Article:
In fact, I had a friend back all those years ago who was a laboratory teaching assistant. One of his tasks at the end of semester was to grade lab notebooks. One day, while I was waiting for him to finish up his grading work so that we could head out for some entertainment on a Saturday night; he pressed a stack of lab notebooks into my hand and muttered something about making myself useful.

He then instructed me to look through the notebooks for a stain….something that indicated that the student had spilled something from the lab on their notes while they were recording in them. “Why?” I naively asked.
“Because, the lab is a messy place….if these students (all of whom are on the cusp between two grades) actually completed their notebooks in the lab, they would have spilled something at some point…..something pretty like a cobalt compound would be nice….and therefore can qualify for the “Stain Bonus” and have their grade bumped up the half-point to the next level.

I like telling that story….because FDA seems to think a lot like that.

Accurate – Honesty is first consideration here and thoroughness is the second. Make sure of the information that you are recording is correct and make sure you’re telling the “whole truth”. I don’t have any illustrative stories for this one other than that Regulatory Inspectors are highly trained to detect Fraud. There’s a very fine line between Fudging a result and outright Fraud. Regulatory Inspectors are renowned for not seeing that fine line and “not knowing how it is”. Tell the truth and be sure that your records do too. Transparency is a good thing…in fact it is one of the key goals of ALCOA.

The take home idea here is that the concepts embodied in ALCOA will help provide evidence that is convincing. Without that, claims that your drug is safe and effective, that this particular lot of medicine is safe for human consumptions, etc. will fall on deaf ears.

Hopefully, this is a topic that is helpful and interesting. I’d love to hear any thoughts, both positive and negative, on it. Also, for those who are interested in the background and Regulatory references for this material, you may want to take a look at this page on First Clinical Research. It has a good Q&A section as well as links to some really great presentations from Stan Woollen (formerly of FDA). If the link ever gets broken, let me know and I should be able to get the materials to you.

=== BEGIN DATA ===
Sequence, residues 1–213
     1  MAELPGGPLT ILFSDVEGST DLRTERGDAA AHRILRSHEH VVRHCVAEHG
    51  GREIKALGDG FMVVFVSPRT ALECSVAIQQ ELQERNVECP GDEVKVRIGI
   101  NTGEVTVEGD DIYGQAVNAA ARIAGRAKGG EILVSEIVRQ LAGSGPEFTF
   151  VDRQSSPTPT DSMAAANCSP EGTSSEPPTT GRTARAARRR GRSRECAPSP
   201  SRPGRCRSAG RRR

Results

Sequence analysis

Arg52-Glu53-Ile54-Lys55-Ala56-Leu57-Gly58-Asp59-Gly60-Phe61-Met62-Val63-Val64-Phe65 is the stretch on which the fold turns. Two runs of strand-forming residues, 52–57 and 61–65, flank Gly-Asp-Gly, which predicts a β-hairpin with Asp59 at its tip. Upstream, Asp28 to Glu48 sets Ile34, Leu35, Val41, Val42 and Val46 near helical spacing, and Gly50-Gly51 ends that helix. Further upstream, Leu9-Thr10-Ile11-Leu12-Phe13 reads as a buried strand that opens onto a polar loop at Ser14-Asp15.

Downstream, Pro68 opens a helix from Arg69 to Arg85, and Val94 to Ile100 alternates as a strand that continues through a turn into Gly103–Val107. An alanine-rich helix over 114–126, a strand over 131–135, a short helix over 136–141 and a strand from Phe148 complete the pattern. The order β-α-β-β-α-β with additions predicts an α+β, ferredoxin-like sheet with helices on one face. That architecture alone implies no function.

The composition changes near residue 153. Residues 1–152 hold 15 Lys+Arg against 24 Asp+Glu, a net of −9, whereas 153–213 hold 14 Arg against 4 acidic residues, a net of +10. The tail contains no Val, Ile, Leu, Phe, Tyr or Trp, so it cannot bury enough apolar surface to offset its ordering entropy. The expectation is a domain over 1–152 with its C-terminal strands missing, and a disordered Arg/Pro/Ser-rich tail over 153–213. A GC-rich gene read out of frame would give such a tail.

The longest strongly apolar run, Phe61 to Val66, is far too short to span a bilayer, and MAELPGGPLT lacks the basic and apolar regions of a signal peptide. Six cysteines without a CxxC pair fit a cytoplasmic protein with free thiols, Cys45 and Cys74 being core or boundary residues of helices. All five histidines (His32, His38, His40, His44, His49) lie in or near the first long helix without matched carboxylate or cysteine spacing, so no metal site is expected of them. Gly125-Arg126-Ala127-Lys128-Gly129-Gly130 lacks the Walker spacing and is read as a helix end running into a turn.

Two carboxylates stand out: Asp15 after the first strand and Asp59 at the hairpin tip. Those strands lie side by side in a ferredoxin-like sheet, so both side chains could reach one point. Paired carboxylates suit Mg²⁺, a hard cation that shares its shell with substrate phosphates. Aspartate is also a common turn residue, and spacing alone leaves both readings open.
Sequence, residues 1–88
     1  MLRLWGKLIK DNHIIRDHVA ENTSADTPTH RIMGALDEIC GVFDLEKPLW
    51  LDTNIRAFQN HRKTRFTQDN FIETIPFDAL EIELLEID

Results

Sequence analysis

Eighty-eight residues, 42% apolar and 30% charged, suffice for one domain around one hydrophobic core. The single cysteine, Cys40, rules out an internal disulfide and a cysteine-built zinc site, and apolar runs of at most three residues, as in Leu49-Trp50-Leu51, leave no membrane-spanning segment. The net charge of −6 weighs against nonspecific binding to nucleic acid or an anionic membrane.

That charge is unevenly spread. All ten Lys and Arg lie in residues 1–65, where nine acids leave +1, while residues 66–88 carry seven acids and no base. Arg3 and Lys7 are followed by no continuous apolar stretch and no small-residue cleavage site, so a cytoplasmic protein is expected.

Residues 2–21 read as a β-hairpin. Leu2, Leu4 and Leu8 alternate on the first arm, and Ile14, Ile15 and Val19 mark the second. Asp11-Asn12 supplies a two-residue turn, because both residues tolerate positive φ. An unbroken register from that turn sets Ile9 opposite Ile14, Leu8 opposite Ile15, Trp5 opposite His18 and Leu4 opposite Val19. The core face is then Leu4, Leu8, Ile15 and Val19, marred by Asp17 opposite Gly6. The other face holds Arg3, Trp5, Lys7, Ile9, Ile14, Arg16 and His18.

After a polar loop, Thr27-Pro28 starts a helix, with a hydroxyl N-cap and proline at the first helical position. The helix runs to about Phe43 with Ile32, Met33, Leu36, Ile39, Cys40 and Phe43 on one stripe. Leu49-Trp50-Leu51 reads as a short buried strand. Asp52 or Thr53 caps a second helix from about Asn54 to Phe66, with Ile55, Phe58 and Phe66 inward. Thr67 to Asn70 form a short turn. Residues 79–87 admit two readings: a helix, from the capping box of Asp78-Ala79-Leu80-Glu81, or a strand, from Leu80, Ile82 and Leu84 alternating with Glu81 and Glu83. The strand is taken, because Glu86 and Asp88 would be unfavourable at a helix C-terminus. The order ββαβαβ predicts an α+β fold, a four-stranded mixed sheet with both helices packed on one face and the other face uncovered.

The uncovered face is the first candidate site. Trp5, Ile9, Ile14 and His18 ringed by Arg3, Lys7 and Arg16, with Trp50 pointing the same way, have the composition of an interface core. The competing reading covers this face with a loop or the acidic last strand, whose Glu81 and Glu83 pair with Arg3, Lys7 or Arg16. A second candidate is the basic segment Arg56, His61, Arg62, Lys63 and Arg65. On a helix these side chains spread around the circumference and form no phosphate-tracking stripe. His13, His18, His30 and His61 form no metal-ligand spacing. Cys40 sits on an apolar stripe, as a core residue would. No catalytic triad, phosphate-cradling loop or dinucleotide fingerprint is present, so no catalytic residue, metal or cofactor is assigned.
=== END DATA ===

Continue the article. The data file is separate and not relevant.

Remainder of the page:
The Lot of the QA Road Warrior

Over the last few years, I’ve been a lot of really neat places for work: Singapore, London, Argentina, Brazil, Mexico, Canada, and countless domestic (US) locales….and the travel destinations of my auditor colleagues would likely make up the difference for the rest of the world. This all sounds very exciting, very jet set, very sexy.

But the truth of the matter is that a little travel goes a long way. When we go, we sit in a conference room…..a conference room that looks like most other conference rooms….and read documents, interview people, make quick notes on legal pads as the auditees look on nervously. Usually, there’s no need for them to worry…we auditors are just making notes so that we can somehow distinguish their conference room (and the work presented there) from so many others we’ve sat in during the course of our careers.

There are many downsides to my chosen profession: justifying expenses to “Corporate Expense Processors” who may or may not know what we do (usually not), waiting to get our money back, sitting in airports, sitting on planes…sitting on planes on the tarmac….waiting. Actually, there’s a lot of waiting and a lot of time away from our families….this last part is hardest.

Don’t get me wrong, there are upsides as well. We do exercise a fair amount of autonomy and have the opportunity to really make a difference with our specific expertise and skill sets. That makes for a very satisfying career, but tonight, I’m in a mood to lament the woes of life on the road. I’m not one to drone on about the hardness of my lot, especially since I’m very pleased with my recent job change, but I think that it is important to mention the downsides to even the best of situations…..I’m an auditor; they pay me to look for the ugly underbelly. And its hard to turn that off.

Well, I’m on the West Coast, but I’m still on East Coast time….so I’ll be going to bed soon. I wish a good night to all.